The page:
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Old 10-02-2015, 05:06 PM   #10
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I put screws in my front panels below the windows and I don't see a problem with it. The inner skin might provide some support to the shell but it is really not much. Any significant loads on the inner skins would shear off rivets which sometimes happens. I would say the ceiling panels are the most important to structure. It won't hurt to put panels over the inner skins. The weaknesses in the structure are the poor connections between the shell and frame. Airplanes fly all the time with no inner skins.

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Old 10-03-2015, 10:32 PM   #11
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One small panel missing will not cause any structural issues. Your door is a missing panel. A window is a missing panel. Water heater, furnace, etc...
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Old 10-03-2015, 10:47 PM   #12
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So the Airstream expert in So Cal knows nothing according to the arm chair "experts".

WRONG ! Andy knows of which he speaks .

The inner panels are part of the structure of the shell and need to be intact.

BTW the 'holes' in the shell are filled with structural frames that both the inner and outer panels are riveted to.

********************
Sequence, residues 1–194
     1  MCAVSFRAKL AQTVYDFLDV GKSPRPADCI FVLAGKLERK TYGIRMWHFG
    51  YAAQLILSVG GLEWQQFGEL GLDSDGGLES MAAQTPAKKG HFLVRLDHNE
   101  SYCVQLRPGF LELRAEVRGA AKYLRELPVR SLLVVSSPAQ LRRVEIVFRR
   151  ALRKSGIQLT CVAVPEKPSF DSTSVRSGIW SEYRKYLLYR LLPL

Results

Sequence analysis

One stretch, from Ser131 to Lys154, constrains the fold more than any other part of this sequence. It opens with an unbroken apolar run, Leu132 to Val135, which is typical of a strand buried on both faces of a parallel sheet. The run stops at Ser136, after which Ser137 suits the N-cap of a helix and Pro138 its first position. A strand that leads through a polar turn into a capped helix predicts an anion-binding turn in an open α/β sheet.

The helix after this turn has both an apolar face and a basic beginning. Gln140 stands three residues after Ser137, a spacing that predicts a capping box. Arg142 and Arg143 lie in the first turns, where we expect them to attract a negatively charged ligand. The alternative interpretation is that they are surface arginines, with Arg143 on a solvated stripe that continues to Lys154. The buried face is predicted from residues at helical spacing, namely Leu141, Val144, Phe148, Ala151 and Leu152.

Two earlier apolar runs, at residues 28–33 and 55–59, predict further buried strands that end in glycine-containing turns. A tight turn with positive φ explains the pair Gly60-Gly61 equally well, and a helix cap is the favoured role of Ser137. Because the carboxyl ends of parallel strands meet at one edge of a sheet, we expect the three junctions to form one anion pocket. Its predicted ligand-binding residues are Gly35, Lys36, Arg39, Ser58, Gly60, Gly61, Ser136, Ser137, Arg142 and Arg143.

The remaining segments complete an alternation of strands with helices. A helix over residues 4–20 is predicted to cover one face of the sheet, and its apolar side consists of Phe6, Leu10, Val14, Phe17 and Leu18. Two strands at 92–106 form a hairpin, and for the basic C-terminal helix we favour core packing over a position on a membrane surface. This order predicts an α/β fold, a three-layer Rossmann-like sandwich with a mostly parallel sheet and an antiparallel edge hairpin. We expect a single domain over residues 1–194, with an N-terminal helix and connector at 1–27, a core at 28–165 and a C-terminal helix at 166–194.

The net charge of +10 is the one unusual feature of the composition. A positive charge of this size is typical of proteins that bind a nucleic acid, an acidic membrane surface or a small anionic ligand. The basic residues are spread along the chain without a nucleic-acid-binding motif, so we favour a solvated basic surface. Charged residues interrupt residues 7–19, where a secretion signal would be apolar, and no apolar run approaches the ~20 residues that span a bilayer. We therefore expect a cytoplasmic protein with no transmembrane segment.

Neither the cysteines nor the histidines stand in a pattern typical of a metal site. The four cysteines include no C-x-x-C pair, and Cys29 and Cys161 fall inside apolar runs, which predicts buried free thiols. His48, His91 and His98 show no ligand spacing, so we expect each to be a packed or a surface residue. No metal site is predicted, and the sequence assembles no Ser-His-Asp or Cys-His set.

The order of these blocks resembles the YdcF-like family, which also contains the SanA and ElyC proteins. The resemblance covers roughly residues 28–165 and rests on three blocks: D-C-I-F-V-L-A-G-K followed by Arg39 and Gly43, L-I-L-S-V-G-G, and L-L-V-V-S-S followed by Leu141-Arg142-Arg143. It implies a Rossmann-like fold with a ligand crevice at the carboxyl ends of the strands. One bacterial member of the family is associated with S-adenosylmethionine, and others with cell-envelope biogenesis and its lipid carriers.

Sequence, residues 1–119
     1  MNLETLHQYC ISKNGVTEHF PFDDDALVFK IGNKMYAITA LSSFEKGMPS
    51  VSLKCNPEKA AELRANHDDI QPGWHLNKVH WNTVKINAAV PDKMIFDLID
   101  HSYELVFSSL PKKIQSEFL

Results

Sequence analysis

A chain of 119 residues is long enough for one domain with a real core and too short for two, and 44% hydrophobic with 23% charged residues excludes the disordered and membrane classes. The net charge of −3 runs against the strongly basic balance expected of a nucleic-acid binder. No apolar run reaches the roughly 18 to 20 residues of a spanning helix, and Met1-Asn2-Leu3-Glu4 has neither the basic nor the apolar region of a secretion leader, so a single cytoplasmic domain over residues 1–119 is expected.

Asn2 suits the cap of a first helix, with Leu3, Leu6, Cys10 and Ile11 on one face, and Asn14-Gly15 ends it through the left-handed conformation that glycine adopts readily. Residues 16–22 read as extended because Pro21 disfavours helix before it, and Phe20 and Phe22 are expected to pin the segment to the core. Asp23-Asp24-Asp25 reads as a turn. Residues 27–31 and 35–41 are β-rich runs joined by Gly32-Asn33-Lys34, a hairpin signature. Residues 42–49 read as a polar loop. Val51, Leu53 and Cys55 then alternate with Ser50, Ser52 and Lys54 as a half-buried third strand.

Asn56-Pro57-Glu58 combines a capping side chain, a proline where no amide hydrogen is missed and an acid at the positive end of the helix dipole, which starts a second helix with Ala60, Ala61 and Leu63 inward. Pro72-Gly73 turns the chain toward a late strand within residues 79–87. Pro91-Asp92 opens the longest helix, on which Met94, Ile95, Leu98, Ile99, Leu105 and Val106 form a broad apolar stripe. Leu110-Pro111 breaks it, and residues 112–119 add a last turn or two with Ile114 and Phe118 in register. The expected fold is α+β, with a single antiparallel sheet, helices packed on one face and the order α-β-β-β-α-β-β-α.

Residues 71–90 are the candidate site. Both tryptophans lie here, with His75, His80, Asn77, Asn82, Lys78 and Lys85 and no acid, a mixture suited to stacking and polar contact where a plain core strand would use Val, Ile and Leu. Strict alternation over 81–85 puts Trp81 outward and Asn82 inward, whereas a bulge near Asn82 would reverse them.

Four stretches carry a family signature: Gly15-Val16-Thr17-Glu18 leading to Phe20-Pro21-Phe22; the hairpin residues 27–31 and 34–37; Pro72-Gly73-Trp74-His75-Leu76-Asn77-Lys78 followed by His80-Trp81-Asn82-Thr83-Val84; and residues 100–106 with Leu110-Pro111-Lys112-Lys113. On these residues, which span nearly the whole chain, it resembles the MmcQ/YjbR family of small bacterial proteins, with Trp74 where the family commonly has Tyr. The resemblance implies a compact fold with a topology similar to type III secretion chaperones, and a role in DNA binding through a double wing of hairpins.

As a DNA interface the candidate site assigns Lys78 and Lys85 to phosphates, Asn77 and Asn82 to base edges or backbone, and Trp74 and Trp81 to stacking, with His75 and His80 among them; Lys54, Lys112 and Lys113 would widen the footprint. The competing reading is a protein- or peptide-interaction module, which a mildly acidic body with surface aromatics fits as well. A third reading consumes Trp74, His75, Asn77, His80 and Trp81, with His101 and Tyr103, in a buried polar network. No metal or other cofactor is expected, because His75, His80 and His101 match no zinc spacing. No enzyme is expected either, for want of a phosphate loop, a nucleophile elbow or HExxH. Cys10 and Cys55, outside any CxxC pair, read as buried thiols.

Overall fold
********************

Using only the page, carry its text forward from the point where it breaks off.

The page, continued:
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Old 10-04-2015, 12:58 AM   #13
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Quote:
Originally Posted by Glenritas View Post
So the Airstream expert in So Cal knows nothing according to the arm chair "experts".

WRONG ! Andy knows of which he speaks .

The inner panels are part of the structure of the shell and need to be intact.

BTW the 'holes' in the shell are filled with structural frames that both the inner and outer panels are riveted to.
"Monocoque (/ˈmɒnɵkɒk/ or /ˈmɒnɵkoʊk/) is a structural approach whereby loads are supported through an object's external skin, similar to an egg shell. The technique may also be called structural skin. The word monocoque is a French term for "single shell" or (of boats) "single hull"."

We're not saying that the inner shell provides no support, but some missing is not going to hurt the trailer.
Not saying Andy doesn't have a lot of knowledge either and that his advice often isn't spot on.
As for being a armchair expert, I'm a PE mechanical engineer, I haven't crunched any numbers or put anything into a 3D solid modeling program to run any model simulations, but my understanding of material strength and mechanical design easily tell me that the interior skin is fairly insignificant to the overall strength of the airstream semi-monocoque.
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Old 10-04-2015, 02:25 PM   #14
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OK here's is how the inner panels add structural strength .

Both the inner and outer panel are attached to the ribs and the C channel.

The shell is bolted to the Chassis extensions through the C channel between the ribs.

Remove the inner skin and the C channel is only held on one side and thus is free to move on one side . In other words the structure that holds the shell to the chassis is compromised .

Remember when in motion the whole structure is in an earthquake and needs all the structure in tact .